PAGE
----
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An Old Keynesian Counterattacks

  • James Tobin

    (Yale University)

Both New Classical and New Keynesian macroeconomic theorists misunderstand and distort old Keynesian economics, alleging that its diagnoses and prescriptions depend on the indefensible assumption that money wages and prices are "rigid." Here it is argued that all Keynesian macro requires is that labor and product markets are not instantaneously and continuously cleared by perfectly flexible prices. Assuming imperfect flexibility, not necessarily rigidity, suffices to open the door for involuntary unemployment. Moreover, once the economy is displaced from full employment, it is far from clear that economy-wide movements of money wages and prices will, in the absence of Keynesian demand policies, restore equilibrium. The real balance effect is too feeble, and may be overcome by debt burdens. The processes of deflation and disinflation can be inherently destabilizing. These problems, stressed by Irving Fisher as well as by Keynes and Keynesians, are ignored "new" macroeconomics.

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Article provided by Eastern Economic Association in its journal Eastern Economic Journal.

Volume (Year): 18 (1992)
Issue (Month): 4 (Fall)
Pages: 387-400

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Handle: RePEc:eej:eeconj:v:18:y:1992:i:4:p:387-400
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  1. Chadha, Binky, 1989. "Is Increased Price Inflexibility Stabilizing?," Journal of Money, Credit and Banking, Blackwell Publishing, vol. 21(4), pages 481-97, November.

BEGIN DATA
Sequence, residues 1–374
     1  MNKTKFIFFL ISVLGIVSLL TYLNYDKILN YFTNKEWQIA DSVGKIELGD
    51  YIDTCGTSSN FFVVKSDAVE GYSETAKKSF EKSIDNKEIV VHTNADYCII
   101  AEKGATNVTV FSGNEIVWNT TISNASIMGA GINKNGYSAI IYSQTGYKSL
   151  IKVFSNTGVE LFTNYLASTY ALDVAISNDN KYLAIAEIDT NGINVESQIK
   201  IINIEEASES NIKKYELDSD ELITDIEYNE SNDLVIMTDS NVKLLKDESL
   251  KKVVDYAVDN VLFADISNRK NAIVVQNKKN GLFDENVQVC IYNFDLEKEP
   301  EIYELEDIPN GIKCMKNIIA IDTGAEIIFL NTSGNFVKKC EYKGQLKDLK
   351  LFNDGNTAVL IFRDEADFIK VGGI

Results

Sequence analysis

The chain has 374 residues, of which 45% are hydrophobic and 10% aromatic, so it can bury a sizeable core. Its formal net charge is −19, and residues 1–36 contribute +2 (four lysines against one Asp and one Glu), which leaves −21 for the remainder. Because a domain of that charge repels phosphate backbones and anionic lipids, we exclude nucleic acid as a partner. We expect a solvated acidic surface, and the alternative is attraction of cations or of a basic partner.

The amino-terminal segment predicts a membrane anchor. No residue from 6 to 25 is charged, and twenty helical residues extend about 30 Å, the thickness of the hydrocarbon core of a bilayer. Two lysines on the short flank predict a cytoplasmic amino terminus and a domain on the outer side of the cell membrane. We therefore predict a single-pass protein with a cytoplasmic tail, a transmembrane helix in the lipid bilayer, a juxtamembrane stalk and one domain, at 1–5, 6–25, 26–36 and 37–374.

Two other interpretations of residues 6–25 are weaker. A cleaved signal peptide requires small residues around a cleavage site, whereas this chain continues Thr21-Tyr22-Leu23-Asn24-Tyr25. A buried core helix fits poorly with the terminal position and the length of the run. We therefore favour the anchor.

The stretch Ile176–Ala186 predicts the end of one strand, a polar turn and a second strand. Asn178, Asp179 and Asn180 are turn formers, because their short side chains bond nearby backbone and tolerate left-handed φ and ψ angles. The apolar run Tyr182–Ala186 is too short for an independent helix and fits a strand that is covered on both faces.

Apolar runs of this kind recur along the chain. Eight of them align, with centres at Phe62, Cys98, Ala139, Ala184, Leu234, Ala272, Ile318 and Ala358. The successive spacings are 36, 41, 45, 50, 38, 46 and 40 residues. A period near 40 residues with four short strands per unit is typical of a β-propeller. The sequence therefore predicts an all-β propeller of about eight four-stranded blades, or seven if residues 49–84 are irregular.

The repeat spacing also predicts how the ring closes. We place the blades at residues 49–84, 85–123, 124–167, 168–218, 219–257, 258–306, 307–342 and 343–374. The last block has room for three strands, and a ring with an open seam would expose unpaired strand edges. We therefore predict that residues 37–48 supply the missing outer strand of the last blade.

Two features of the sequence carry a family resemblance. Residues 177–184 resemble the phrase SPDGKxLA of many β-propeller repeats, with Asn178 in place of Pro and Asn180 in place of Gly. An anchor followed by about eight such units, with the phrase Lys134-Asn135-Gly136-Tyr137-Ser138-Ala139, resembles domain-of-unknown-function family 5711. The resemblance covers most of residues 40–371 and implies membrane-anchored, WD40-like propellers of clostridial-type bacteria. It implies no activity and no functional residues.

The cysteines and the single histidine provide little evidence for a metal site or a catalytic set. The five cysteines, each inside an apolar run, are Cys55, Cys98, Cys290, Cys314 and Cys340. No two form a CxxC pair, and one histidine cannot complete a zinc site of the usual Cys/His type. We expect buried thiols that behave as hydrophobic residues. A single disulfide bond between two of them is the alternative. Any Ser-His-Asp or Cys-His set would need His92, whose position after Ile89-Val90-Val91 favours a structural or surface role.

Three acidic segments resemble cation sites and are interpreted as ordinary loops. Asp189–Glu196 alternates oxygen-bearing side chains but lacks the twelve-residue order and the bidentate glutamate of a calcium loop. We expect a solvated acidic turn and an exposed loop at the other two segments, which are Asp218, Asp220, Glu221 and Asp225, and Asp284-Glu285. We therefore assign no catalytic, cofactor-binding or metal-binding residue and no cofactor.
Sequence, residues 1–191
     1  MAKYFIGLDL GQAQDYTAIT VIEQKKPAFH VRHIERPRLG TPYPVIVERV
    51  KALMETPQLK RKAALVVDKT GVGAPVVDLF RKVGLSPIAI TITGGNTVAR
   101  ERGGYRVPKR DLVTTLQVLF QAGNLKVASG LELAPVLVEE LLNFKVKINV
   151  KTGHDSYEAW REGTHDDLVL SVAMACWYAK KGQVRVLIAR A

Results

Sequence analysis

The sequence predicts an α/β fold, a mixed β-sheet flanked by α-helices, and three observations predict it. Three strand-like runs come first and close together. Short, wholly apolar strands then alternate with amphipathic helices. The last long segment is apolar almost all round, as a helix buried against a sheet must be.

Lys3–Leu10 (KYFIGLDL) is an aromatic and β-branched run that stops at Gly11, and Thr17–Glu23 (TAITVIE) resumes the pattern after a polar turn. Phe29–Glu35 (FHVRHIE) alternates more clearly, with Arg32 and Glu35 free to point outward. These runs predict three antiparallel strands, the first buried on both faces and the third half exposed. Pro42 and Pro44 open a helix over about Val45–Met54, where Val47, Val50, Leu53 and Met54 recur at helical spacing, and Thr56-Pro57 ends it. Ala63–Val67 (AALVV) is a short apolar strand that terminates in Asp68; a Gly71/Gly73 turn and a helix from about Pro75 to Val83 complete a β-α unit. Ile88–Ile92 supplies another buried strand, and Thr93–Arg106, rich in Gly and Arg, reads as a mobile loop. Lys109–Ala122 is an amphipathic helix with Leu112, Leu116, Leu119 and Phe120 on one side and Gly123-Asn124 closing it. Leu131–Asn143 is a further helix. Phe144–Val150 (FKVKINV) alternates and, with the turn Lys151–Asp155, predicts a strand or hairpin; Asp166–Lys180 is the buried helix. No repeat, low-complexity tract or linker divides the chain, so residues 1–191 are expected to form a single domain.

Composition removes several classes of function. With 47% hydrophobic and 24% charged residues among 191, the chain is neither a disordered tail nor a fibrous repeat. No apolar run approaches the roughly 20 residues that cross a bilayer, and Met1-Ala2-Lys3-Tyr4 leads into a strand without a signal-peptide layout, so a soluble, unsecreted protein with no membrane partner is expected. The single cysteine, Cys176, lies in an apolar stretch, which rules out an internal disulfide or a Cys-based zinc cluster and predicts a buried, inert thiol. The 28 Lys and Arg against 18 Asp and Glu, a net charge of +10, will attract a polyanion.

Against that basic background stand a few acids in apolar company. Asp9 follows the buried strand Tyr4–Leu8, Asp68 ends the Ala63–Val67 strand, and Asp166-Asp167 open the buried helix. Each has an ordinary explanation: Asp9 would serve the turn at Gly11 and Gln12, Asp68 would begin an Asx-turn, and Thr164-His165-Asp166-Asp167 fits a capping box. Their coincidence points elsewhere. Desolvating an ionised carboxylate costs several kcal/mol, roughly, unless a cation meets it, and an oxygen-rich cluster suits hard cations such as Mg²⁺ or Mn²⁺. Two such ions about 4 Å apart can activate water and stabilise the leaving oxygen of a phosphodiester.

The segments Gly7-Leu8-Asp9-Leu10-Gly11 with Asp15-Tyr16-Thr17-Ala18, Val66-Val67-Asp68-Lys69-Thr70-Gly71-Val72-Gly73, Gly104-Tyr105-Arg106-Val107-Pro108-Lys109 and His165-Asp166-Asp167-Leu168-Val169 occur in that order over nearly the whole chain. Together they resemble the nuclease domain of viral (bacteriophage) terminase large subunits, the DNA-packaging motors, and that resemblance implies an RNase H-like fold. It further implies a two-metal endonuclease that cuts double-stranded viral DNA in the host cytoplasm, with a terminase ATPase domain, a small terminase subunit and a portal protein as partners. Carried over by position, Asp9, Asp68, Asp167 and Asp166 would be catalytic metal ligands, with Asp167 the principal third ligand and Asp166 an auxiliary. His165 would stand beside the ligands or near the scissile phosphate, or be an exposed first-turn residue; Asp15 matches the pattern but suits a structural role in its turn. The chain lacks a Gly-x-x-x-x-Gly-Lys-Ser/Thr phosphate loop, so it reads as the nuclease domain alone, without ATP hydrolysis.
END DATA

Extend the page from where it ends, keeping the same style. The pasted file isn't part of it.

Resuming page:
2. Dudley Dillard, 1988. "The Barter Illusion in Classical and Neoclassical Economics," Eastern Economic Journal, Eastern Economic Association, vol. 14(4), pages 299-318, Oct-Dec.
  3. De Long, James Bradford & Summers, Lawrence H, 1986. "Is Increased Price Flexibility Stabilizing?," American Economic Review, American Economic Association, vol. 76(5), pages 1031-44, December.
  4. Tobin, James, 1975. "Keynesian Models of Recession and Depression," American Economic Review, American Economic Association, vol. 65(2), pages 195-202, May.
  5. Taylor, John B, 1980. "Aggregate Dynamics and Staggered Contracts," Journal of Political Economy, University of Chicago Press, vol. 88(1), pages 1-23, February.
  6. Okun, Arthur M, 1980. "Rational-Expectations-with-Misperceptions as a Theory of the Business Cycle," Journal of Money, Credit and Banking, Blackwell Publishing, vol. 12(4), pages 817-25, November.
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